Bishop Terry Curtin recently celebrated 50 years of priesthood, though he said it was many years before his actual ordination that he felt a ‘deep call’ to serve and do something profound with his life. In this article, we give thanks for the life and service of Bishop Terry and pray that he can continue to enjoy good health and be a vessel of God’s love and mercy to all he encounters.

Bishop Terry Curtin celebrated the golden jubilee of his priesthood on 28 August 2021, the Feast Day of St Augustine. Due to current lockdown restrictions in Victoria, there were no grand celebrations or gatherings. Rather, he met on Zoom with good friend Archbishop Patrick O’Regan of the Archdiocese of Adelaide and shared a gin and tonic!

He also took time to read through and reflect upon the ‘beautiful sentiments’ shared by staff and students from St Mary of the Cross MacKillop Primary School in Epping North, where he’d visited not long before the latest lockdown.

‘I met the children who were to be confirmed and we had a great time together,’ he said.

'There were over 50 Grade Six students and for my anniversary they sent me a very beautiful greeting where each child had prepared a particular page with a message on it. Some of the things that they say in it are quite lovely.

‘One of them says, “If God could see you, he would love you” and another one says, “I don’t know you too well but that speech – meaning, that class we had – says a lot about you. It feels like you don’t care what people think about you, but you get the message of God to them in a way they can relate to.” He goes on to say, “I’m not getting confirmed because I’m not Catholic, but I know that you will do it well for others. Let God be with you during lockdown and your huge milestone.” Their teachers sent this to me, and it was a wonderful thing to receive.’

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Reflecting on his milestone, Bishop Terry said that the call to be a priest goes back further than 50 years; it stems right back to his childhood. ‘At about the age of eight, I had a sense of “calling” within me,’ he said.

‘At the time, things in the family were dramatic – my mother had terminal breast cancer – but I felt I wanted to do something more. I guess my mother’s illness then faced me with the deeper dimensions in life.’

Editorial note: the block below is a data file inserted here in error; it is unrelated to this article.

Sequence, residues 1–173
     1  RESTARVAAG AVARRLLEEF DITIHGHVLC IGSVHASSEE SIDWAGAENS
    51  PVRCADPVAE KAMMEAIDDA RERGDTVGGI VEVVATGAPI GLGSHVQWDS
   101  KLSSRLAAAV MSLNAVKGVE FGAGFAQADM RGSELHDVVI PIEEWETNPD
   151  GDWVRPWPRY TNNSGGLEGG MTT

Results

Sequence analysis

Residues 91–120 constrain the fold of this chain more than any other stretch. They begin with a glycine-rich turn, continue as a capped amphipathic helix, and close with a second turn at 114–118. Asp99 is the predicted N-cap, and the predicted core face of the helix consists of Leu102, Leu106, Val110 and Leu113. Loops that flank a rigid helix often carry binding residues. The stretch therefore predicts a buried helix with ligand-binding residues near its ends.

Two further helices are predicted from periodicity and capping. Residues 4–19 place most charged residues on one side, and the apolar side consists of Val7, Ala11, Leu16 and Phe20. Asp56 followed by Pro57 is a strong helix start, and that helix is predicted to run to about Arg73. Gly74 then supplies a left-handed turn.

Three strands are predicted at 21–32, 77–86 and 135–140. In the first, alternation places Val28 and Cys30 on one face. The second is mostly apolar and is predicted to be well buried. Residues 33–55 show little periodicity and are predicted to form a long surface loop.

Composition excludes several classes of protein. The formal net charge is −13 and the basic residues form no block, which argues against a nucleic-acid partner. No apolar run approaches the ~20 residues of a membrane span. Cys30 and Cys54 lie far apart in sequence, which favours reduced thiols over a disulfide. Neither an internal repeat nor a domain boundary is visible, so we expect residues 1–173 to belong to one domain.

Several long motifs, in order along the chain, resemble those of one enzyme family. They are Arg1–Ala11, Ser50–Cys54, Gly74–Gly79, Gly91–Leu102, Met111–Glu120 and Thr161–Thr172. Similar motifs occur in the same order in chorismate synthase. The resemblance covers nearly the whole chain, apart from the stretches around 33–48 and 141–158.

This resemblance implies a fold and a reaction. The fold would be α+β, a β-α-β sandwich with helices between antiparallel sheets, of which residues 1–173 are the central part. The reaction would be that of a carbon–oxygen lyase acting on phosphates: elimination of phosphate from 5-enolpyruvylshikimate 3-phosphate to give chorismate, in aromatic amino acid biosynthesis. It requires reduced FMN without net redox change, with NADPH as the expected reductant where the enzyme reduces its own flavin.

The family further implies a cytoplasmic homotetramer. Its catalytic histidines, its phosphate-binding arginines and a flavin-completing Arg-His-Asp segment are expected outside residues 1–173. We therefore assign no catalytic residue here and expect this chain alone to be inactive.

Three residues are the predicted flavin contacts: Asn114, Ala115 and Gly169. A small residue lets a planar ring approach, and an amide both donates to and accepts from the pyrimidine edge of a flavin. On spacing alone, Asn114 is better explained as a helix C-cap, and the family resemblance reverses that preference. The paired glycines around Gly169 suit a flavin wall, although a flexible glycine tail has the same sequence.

Born in Cremorne, Sydney, in 1945, his parents were Desmond and Nancie Curtin. He had a younger brother Tony, who died in 2009 of cancer, the same disease that claimed his mother in 1956 when Terry was ten and Tony, eight. Following their mother’s death, the family came to Melbourne and the boys were sent to St Kevin’s in Toorak, where they completed their schooling.

Responding to the deep call that persisted throughout his secondary years, and with the help of school chaplain Fr Kevin Toomey, he discerned that diocesan priesthood would be his chosen pathway. He graduated from St Kevin’s and entered the regional seminary in Werribee in 1964, from where in 1967 he was sent to Rome for his theological studies.

He was ordained at St Patrick’s Cathedral on 28 August 1971, aged 26. His father attended the ordination Mass, and when he knelt in front of the newly ordained priest for a blessing, so too did Fr Terry. ‘I had to kneel immediately when he knelt in front of me,’ said Bishop Terry. ‘I could not stand over him.’

His first parish appointment was St Anthony’s in Noble Park, which he described as ‘an absolute honeymoon’. He ‘loved the people and the interaction’. ‘It was a vibrant parish of 2000 families with 1500 children in the school. We were baptising up to a dozen children each weekend. It was just wonderful!’ He was then appointed to St Mark’s in Fawkner and was there only three months before being appointed as head of religious education at Mercy Teachers’ College in Ascot Vale, which later became part of the new Australian Catholic University (ACU).

'Teaching was the one thing I’d ruled out when entering the seminary,’ he said. ‘I had decided not to go to the Jesuits because I didn’t want to teach and then I was being asked to teach! But I couldn’t say no, because on the day of my ordination, I lay down on the ground, put my trust in God, and promised to serve. To not say yes would be to deny what was at the heart of my vocation.’

Bishop Terry worked in academia at ACU for 28 years and, following that, was also Master of Catholic Theological College in East Melbourne for eight years. Ordained an auxiliary bishop of Melbourne by Archbishop Denis Hart in December 2014, he has particular responsibility for the northern region of the archdiocese and chairs the Catholic Education Commission of Victoria.